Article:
Sigma Art 135mm f/1.8: A Classic Focal Length is New Again

Sigma Art 135mm f/1.8: A Classic Focal Length is New Again

The first telephoto lens I owned was a Zuiko 135mm attached to an Olympus OM-10. In the 1980s, 135mm was considered a premiere focal length for portraiture. Nowadays, the focal length is uncommon for prime lenses – a victim of the new focal lengths du jour at 85mm and 105mm. Nikon still sells a 135mm f/2 DC that they introduced in 1990. Canon is allegedly working on a new version for 2018, but the current f/2 iteration dates back to 2002. Neither Sony nor Fuji makes primes in this focal length.

So it’s both surprising, but not totally unexpected for Sigma to release a 135mm f/1.8 version for their heralded Art series of lenses.

Increased sensor resolution and performance has necessitated new lens designs. Beyond price point, an arguable part of Sigma’s (and the other 3rd party manufacturers) success has been its ability to release more modern lens designs at a faster clip than the Nikons and Canons of the world. And this particular lens is faster and cheaper than the name brand competition.

Like other lenses in the Art range, the lens is a hefty piece of glass weighing in at 2.49 lbs. With the hood attached, it’s big. Maybe not 70-200mm big, but the lens is still pretty conspicuous. Like most modern lens construction, it features Sigma version of low dispersion and fluorite elements to reduce optical distortions.

On my first few days shooting with the lens, I tried to re-familiarize myself with the focal length. Since I’m much more inclined to use wide angle lenses, it was fun to have the added reach and compressive effects of the telephoto. Everything was looking good on my camera LCD, but when I pulled the images up on the computer, nothing seemed sharp. I’ve been known to miss focus on more than a handful of images – especially with slim depth-of-field, but this was something different.

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Several years ago, I tested the Sigma 35mm f/1.4, and based on the fantastic optics of that lens, I had a hard time believing that the 135mm would be so optically inferior. And then I recalled reading something Michael Clark had posted on Facebook. While testing his Nikon D850 with a number of lenses, he mentioned how small problems that might have been previously unnoticeable became amplified with the 45MP sensor. In his case, images that were sharp at a given shutter speed on a lower resolution sensor were now exhibiting blur with the increased resolution.

In my case, I suspected that I needed to play around with the autofocus fine tune menu. Using Reikan FoCal software, I discovered that the camera needed an autofocus fine tune value of -12 (moderate back focus). Once I made that adjustment, the lens started to shine. In other words, you MUST fine tune your lenses (particularly your longer lenses) with high resolution sensors. I didn’t have Sigma’s USB dock, which would have allowed even more fine tuning of the lenses.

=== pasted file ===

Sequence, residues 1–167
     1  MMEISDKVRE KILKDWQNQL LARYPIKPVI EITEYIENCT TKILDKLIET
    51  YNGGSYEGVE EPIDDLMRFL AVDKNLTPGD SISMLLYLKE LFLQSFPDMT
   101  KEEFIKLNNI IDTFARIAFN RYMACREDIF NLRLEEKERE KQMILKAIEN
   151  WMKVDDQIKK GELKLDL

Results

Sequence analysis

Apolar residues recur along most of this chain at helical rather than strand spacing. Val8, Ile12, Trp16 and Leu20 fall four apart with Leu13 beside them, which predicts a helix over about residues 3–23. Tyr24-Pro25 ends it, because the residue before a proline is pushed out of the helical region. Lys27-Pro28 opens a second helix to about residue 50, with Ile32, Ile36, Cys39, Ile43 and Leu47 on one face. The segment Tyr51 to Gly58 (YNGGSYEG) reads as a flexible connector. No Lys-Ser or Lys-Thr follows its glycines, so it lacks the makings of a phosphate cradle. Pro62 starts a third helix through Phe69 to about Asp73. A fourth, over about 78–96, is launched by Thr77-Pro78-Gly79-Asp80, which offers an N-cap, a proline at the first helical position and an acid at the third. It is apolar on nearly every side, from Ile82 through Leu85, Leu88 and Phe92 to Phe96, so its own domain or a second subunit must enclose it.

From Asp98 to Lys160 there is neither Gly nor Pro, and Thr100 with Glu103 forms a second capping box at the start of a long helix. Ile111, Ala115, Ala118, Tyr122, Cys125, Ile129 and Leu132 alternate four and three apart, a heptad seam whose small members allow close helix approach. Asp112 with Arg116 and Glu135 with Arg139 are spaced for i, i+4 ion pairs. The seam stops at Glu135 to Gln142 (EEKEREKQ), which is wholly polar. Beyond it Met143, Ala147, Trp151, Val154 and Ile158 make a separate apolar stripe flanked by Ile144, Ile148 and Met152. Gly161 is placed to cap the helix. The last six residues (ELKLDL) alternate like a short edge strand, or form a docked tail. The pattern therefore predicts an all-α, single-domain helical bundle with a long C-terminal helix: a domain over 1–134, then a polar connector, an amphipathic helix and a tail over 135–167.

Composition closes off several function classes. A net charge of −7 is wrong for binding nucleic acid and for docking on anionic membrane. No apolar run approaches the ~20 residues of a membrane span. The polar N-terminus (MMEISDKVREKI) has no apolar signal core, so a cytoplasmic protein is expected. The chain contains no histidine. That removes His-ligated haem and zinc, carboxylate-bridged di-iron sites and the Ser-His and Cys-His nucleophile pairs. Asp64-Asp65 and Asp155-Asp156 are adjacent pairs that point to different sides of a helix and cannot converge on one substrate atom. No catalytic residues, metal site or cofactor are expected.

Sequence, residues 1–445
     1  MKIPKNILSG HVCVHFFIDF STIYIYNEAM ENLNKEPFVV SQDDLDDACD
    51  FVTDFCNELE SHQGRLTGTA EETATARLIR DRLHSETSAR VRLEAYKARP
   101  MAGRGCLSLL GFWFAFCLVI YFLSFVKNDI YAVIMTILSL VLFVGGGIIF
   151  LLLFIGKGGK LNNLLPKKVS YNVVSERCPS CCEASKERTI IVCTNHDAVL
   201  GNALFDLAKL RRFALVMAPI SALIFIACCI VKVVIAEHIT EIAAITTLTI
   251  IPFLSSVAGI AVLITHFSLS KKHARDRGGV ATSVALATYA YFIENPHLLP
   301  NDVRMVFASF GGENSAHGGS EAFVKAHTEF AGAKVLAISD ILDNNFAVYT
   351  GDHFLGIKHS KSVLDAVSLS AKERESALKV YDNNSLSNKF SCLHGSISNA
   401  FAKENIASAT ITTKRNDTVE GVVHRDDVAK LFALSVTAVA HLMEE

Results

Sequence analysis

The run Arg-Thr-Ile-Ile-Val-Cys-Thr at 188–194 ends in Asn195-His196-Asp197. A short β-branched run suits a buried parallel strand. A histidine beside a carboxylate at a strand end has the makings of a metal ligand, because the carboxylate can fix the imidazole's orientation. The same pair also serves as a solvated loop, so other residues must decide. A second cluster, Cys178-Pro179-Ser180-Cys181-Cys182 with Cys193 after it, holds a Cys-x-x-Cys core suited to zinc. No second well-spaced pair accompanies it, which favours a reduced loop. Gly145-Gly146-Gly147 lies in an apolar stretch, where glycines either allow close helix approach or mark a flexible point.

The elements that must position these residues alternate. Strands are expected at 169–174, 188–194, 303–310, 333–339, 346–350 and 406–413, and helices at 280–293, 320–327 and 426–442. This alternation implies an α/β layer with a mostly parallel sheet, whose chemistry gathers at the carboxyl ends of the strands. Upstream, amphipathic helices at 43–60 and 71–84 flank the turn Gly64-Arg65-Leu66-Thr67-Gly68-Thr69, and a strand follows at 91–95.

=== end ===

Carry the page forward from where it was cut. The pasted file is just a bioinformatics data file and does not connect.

Focus speed is fast. Color rendition and contrast is fantastic. The lens exhibits expected vignetting wide open, but it’s unnoticeable at f/2.5 and smaller.

ISO 64, 135mm, f/1.8 at 1/4000s

ISO 100, 135mm, f/4.0 at 1/250s

I didn’t run into any flare or ghosting even when shooting into the sunset.

ISO 100, 135mm, f/2.5 at 1/1000s

Chromatic aberration was non-existent even shooting into backlit situations.

On bright days, the hood definitely helped reduce indirect light from bouncing around the glass.

ISO 64, 135mm, f/2.5 at 1/5000s

ISO 200, 135mm, f/5.6 at 1/800s

I’m not the type of person to obsess over the bokeh. To me, the best quality of out-of-focusness is non-descript and has no identifiable characteristics. The sharpness of the lens combined with the depth-of-field of the focal length can yield some really nice depth from foreground to background.

This shot was a pretty good indication of sharpness.

Look at the hair on his arm. That’s pretty astonishing detail at 1:1.

ISO 80, 135mm, f/7.1 at 1/640s

On the Nikon side of the fence, the $2200 105mm f/1.4 is the Sigma’s nearest competitor. Nikon also has two options at 85mm: a $476 (f/1.8 with 7-blade aperture) and $1596 (85mm f/1.4 with 9-blade). I’ve used the 105mm f/1.4 (built like a tank) and the 85mm f/1.8 (incredibly light). All of these lenses perform admirably and at different price points, which is great for photographers. The modern designs almost guarantee high optical quality.

There’s not much to criticize about this lens. It’s a fantastic intersection of sharpness, weight and price. Image stabilization would have been an added bonus, but that would have increased weight and price. Perhaps the greatest compliment I can give the Sigma 135mm f/1.8 is that I would seriously consider adding this lens to my arsenal. But on the other hand, I might need to try out the newly announced Sigma 105mm f/1.4 first…

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This article was written by

Allen Murabayashi is the Chairman and co-founder of PhotoShelter. He co-hosts the "I Love Photography" podcast on iTunes.

There are 2 comments for this article
  1. Andrew at 12:59 pm

    135mm is such an awesome focal length!
    For the sake of correctness, I would like to point out that Fujifilm DOES make a 135mm (equivalent) lens for their x-series cameras in the 90mm f/2!

  2. Jimmy Smits at 7:43 am

    As you pointed out, many Canon users have been using a 135 for a long time. Nothing “new” again about this lens. 85’s for a long time, (even in the 70, 80’s 90’s) were considered the premium portrait lens.

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